Bigger and bolder, bursting with fruity and piny flavour bubbles, was the 3 Bolt Pale Ale by Green Beacon. This beer comes in with many layers and depth of flavour, so there was a slight fear that the hazelnut chocolate would get lost in the background, but the roundness of the nuts softened the effervescence of the beer and the two formed a perfect pair. It’s a case of opposites attracting.

 

Dark Chocolate and varieties thereof provided many happy samples that ran the gamut of style pairings. Because there are so many fruit-infused dark chocolates, it’s a no-brainer to find one that complements (or contradicts) the style of beer you’re drinking.

-Chili Chocolate was paired with Saison du Balise at Green Beacon (not available in cans). With the spicy chili already countered by the bittersweet dark chocolate, it would be possible to take the flavour experience too far by adding tart and funky esters from the farmhouse-style yeast, but there was something about it that just worked. As saisons become more popular in the beer scene, going down especially well during the hot Queensland summer months, the freshness and funkiness are more refined, offering an ideal divergence from golden lagers for regular beer drinkers.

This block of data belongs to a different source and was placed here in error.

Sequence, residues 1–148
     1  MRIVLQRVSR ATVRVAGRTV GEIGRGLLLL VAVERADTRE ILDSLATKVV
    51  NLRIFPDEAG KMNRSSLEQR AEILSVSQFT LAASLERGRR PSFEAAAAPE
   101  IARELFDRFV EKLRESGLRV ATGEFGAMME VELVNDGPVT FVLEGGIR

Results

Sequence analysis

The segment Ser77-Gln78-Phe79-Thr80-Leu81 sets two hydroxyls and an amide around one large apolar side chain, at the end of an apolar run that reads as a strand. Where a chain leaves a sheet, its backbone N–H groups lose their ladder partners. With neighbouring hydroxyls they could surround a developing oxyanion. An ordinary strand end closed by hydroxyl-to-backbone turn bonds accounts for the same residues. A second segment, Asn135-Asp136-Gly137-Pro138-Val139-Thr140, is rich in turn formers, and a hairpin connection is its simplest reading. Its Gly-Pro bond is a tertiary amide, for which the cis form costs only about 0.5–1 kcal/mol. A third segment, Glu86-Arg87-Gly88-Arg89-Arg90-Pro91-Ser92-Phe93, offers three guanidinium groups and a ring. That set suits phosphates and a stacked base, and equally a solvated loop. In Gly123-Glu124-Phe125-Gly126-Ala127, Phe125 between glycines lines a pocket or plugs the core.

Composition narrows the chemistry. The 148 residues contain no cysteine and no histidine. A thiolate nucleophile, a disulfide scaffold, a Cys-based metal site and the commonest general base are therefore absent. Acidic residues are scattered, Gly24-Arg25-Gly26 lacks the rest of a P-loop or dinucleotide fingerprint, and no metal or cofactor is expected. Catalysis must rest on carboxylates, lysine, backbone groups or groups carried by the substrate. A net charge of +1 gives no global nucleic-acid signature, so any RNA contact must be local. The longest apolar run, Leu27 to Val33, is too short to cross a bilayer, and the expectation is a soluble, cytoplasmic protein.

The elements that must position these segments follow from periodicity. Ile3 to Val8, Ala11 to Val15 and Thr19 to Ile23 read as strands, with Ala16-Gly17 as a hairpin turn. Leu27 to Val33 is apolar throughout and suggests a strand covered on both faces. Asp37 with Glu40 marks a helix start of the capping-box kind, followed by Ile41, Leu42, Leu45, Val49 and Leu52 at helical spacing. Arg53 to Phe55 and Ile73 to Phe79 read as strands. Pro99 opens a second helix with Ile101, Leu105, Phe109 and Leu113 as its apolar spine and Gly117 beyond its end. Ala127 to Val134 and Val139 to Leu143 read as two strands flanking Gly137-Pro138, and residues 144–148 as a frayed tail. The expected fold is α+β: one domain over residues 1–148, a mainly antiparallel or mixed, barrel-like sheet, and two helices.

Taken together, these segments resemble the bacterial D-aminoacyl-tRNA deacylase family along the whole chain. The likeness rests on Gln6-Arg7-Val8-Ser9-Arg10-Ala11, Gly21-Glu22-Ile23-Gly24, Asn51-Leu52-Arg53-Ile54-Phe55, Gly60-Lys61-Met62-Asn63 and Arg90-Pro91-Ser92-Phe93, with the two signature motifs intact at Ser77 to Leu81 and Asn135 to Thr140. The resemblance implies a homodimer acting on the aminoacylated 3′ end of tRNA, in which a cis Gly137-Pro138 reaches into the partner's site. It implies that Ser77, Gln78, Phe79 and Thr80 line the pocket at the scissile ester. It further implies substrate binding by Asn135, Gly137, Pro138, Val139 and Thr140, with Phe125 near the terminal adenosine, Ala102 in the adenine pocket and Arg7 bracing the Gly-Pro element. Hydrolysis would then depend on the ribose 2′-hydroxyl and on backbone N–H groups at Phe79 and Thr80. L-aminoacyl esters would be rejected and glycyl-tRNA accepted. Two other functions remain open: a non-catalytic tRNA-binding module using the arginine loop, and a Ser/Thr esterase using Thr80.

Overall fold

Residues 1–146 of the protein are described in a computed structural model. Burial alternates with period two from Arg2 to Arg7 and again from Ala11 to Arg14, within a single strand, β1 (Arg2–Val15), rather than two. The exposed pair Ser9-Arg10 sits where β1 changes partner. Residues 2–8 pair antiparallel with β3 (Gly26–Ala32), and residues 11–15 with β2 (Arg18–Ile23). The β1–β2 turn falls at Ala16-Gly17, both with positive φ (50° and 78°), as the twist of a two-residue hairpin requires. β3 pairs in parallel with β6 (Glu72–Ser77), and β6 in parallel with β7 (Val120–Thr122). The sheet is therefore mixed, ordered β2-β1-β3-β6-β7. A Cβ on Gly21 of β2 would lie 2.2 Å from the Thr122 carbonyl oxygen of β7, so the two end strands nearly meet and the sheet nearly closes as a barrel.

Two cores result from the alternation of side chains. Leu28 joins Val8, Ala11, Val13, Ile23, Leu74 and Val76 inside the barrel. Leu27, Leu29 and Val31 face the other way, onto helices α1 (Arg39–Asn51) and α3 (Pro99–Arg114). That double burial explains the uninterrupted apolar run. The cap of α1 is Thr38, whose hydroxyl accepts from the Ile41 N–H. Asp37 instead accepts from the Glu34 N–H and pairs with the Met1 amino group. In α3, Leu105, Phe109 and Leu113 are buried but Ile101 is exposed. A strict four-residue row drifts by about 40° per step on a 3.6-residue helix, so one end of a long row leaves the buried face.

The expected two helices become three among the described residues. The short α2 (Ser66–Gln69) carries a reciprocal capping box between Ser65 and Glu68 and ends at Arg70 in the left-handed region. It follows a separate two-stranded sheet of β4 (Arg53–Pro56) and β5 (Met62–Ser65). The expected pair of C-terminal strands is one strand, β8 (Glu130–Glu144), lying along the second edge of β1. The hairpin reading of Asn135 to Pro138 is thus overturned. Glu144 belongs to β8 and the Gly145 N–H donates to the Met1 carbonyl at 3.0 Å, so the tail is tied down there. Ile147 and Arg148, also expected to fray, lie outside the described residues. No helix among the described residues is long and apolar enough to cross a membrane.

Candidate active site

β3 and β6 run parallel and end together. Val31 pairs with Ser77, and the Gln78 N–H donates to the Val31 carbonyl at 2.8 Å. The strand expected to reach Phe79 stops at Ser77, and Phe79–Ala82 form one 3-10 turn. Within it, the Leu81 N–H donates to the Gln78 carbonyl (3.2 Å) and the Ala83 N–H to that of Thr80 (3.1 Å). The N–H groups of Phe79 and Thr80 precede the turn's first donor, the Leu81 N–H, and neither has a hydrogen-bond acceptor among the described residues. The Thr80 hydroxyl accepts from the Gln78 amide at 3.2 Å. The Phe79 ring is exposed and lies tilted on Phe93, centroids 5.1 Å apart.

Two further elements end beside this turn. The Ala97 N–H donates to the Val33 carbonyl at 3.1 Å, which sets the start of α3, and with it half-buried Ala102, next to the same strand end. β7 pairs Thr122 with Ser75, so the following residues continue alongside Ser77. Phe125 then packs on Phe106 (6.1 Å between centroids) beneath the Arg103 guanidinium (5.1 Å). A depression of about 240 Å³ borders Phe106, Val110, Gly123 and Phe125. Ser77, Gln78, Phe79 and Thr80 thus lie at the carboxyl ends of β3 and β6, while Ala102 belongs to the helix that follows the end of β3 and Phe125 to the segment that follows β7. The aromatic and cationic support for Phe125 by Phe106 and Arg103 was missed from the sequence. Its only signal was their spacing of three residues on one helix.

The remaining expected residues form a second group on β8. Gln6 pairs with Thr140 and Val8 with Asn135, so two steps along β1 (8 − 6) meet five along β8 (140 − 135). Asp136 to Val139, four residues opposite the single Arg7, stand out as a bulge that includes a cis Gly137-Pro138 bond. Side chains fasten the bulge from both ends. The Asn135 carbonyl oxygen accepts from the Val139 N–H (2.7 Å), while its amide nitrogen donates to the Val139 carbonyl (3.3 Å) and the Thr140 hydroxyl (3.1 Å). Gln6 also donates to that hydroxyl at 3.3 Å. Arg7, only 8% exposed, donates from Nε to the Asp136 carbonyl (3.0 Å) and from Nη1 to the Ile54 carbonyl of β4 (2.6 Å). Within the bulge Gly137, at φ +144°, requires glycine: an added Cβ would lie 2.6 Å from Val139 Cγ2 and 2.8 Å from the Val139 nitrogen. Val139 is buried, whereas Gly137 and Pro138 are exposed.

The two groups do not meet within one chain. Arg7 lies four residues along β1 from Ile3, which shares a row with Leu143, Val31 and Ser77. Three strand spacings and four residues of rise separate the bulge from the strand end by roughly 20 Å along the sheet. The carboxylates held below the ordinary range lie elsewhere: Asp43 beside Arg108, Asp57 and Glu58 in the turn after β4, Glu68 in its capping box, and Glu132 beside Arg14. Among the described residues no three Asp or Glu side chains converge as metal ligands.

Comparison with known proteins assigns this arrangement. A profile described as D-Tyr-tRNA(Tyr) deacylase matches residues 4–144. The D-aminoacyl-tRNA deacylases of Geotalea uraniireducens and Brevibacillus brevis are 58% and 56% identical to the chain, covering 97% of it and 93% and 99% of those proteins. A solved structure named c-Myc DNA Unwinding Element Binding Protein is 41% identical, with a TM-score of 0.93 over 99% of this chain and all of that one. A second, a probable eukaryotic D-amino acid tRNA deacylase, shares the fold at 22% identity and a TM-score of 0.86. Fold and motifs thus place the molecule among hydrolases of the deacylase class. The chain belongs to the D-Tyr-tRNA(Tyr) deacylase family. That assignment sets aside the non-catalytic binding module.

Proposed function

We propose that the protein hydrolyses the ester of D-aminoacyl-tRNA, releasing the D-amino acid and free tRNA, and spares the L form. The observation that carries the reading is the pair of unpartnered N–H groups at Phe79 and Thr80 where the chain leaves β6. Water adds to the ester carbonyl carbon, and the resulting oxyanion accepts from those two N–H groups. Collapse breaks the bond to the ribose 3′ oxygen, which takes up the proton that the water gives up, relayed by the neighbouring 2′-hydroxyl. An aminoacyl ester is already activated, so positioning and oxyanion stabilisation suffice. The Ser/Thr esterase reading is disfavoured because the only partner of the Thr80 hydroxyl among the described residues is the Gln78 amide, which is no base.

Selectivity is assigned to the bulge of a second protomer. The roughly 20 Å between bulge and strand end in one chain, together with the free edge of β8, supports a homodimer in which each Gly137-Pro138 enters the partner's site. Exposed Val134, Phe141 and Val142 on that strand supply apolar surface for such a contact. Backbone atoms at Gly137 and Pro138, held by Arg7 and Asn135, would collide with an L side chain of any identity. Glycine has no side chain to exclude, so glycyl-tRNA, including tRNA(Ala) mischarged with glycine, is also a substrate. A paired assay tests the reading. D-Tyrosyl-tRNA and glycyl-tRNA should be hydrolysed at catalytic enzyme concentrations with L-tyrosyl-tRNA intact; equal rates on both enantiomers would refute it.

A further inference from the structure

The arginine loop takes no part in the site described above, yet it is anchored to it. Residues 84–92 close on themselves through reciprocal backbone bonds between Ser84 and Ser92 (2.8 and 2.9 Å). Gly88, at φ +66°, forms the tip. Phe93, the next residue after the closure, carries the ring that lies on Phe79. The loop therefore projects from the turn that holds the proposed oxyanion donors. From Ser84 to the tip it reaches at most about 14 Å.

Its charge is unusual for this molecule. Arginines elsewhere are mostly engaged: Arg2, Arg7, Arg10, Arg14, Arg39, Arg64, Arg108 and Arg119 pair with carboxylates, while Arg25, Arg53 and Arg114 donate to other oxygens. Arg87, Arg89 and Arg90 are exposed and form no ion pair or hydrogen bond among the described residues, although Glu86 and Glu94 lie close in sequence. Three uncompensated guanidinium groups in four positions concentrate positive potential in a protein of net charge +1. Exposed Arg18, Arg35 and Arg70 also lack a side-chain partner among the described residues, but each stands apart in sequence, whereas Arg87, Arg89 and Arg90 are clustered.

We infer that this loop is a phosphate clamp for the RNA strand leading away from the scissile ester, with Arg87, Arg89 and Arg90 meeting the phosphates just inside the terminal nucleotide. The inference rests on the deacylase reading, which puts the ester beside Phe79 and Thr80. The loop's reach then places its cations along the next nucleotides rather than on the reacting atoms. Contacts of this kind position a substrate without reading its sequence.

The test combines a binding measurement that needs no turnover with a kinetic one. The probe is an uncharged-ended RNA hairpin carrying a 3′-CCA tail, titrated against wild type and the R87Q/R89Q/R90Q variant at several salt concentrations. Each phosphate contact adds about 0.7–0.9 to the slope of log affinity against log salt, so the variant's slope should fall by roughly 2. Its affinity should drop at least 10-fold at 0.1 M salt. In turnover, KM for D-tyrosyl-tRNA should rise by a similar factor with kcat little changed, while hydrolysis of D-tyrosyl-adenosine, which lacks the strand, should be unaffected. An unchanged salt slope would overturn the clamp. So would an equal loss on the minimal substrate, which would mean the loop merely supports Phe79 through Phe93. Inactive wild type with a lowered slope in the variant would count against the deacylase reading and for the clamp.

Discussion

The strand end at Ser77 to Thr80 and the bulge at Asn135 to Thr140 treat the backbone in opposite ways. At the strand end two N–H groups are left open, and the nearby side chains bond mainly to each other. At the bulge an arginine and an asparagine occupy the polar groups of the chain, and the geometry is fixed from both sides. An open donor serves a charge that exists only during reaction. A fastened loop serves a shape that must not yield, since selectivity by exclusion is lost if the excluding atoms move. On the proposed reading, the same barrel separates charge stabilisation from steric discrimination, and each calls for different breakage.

-Dark Chocolate w/Raspberry isn’t one for anyone wanting to keep their chocolate and fruit separate, but that’s not what we’re about. While the big flavours of these two ingredients can become cloying, paired with Pink Mist (a raspberry saison) from Black Hops Brewing, it should be a party staple. Even Eddie (Oldfield, of Black Hops) didn’t think we did too bad with this one. Sweet, tart, balanced and the bitterness of the beer cutting through the sticky chocolate is a bit of heaven in your mouth. Try it now.

-Dark Chocolate w/Orange is divisive: people either love it or hate it. Teaming up with a beer that’s not shy, the Tangerine Dream IPA from Balter Brewing (not available in cans), this combo is your worst nightmare or your happiest dream. The Tangerine Dream is a citrus-heavy IPA that balances tangerine and mandarin tartness with the balanced bitterness expected from this sort of beer (and brewer), which enhances the orange in the chocolate beautifully.